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A Market Reversal is Inevitable but Traders' Experience Delays the Reckoning

A Market Reversal is Inevitable but Traders' Experience Delays the Reckoning

2019-12-23 22:00:00
John Kicklighter, Chief Currency Strategist
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Trading Experience Talking Points:

  • In a poll I conducted in August, 80 percent of those that responded said they had under 10 years experience
  • The last significant, global bear market ended in early 2009, over a decade ago
  • Willingness to suspend fear in flimsy growth may be just one side effect of an inexperienced market

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The global capital markets will eventually take a serious tumble. This will be the kind of dive that handily surpasses the technical definition of a ‘bear market’ which is qualified as a drop of over 20 percent from highs. What’s more, given the circumstances of speculative build up in the late, halcyon years of the record-breaking climb through the 2010s – including a prevalence of central bank stimulus and wide deviation from traditional value metrics – the eventual capsizing will likely turn into a disorderly affair to some extent. Matching the problem in intensity, the backdrop that has supported our current position will likely translate into a broad collapse, spreading across asset classes and regions. It is those collaborative elements that will prove the self-reinforcing cycle of a speculative route.

Chart of S&P 500 and a Risk-Reward Index of G10 10yr Yields Over FX VIX (Weekly)

S&P 500 and Risk-Reward Index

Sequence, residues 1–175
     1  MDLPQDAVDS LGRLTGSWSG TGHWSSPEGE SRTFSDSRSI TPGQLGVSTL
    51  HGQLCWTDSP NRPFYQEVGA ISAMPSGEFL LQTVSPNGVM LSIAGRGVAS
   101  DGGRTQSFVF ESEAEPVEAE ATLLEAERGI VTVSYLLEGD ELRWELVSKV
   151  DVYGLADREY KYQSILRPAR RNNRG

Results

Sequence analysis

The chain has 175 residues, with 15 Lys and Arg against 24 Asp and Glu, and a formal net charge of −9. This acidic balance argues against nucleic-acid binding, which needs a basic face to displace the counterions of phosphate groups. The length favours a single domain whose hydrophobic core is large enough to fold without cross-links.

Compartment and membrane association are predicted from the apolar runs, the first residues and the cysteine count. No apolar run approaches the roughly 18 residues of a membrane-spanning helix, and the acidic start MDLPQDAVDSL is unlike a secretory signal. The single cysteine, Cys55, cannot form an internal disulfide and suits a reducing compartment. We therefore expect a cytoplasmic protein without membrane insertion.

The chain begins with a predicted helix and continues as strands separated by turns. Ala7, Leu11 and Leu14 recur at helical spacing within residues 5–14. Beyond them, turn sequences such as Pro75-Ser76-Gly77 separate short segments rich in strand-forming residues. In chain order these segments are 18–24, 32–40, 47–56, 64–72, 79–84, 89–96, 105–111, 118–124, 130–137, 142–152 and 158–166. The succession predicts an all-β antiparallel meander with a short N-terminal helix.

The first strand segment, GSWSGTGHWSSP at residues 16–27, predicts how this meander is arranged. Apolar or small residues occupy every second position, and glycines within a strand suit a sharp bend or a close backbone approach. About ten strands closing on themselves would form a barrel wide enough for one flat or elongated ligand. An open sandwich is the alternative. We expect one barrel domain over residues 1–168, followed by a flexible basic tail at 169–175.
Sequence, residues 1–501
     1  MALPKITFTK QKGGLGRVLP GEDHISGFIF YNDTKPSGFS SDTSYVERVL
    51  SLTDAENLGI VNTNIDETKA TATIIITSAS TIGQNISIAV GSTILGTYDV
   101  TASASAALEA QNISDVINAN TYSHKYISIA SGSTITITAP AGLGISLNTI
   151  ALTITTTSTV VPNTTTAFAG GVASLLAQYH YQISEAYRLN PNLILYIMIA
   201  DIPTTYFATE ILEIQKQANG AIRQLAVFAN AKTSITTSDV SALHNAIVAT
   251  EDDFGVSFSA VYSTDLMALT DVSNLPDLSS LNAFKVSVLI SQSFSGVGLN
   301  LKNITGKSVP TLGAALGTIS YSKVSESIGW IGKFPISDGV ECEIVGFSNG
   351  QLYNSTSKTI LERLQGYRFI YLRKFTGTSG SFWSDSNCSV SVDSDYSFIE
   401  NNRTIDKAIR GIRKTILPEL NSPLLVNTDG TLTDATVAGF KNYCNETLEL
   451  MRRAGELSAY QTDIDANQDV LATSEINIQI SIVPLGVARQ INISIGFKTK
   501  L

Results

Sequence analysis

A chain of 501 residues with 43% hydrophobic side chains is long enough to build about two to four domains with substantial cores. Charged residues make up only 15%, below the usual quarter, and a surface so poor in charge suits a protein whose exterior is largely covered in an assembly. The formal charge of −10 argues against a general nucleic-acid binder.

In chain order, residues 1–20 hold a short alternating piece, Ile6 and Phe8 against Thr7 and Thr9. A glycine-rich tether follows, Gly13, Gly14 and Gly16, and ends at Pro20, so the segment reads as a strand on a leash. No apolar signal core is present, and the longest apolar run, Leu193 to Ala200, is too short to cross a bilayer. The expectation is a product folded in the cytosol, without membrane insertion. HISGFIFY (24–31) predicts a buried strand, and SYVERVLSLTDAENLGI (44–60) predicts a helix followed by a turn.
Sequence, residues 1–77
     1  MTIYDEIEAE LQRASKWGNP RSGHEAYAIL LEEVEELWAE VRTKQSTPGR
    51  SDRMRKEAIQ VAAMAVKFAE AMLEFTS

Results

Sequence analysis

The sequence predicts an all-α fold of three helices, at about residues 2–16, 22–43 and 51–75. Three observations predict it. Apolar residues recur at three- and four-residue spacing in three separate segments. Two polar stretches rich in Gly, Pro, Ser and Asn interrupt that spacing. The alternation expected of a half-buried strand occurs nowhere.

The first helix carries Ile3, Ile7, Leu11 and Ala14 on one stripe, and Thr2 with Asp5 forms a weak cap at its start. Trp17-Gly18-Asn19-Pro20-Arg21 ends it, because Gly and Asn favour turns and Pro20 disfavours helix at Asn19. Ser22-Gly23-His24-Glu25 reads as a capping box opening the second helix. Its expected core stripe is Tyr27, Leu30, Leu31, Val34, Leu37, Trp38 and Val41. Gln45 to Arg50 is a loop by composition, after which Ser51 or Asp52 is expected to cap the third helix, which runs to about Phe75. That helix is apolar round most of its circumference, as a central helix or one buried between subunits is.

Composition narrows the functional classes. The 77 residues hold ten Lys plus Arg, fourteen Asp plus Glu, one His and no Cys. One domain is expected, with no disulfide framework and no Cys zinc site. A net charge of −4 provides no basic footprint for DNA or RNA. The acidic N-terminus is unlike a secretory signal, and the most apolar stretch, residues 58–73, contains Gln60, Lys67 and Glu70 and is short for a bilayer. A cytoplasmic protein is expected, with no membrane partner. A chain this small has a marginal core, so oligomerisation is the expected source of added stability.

Manufacturing Growth In the Wrong Places

Why is this troubled prophecy inevitable? Because markets and economies naturally fluctuate through cycles of expansion and contraction. These regular currents don’t have to destructive, but certain environmental factors can inadvertently raise the risk. In the past decade, we have seen a successful bid by the world’s largest monetary policy authorities to pull the globe out of an endemic. Pushing benchmark lending rates towards zero (in some cases negative) and deploying massive stimulus programs staved off what many feared was a genuine risk of utter financial collapse. Yet, as the risk faded, the temporary provisions wouldn’t ebb in turn. With a implicit aim to accelerate growth or restore a target inflation rates, most of the largest central banks seemed to always falls short of the goal; but they did spur enthusiasm in one very obvious area: the markets.

Chart of the S&P 500 and Aggregate of Largest Banks’ Balance Sheets in $Blns (Monthly)

S&P 500 and Major Central Banks' Stimulus

Some would chalk this relationship up to ancillary or happenstance. I think that is fanciful thinking given the tepid underlying growth that we have experienced and the exceptionally low rates of return in assets (in part a byproduct of the same effort to support the economy). In turn, an argument could be made that this we will simply see the underlying market and economy grow to transition asset valuation from the central banks’ responsibility to reasonably balanced market exposure. Yet, that is exactly what we have not seen happen in the past decade as the efforts were redoubled multiple times. Furthermore, the central banks cannot continue at their present clip indefinitely, and they don’t have the necessary to fend off new troubles that arise in these supposedly stable conditions.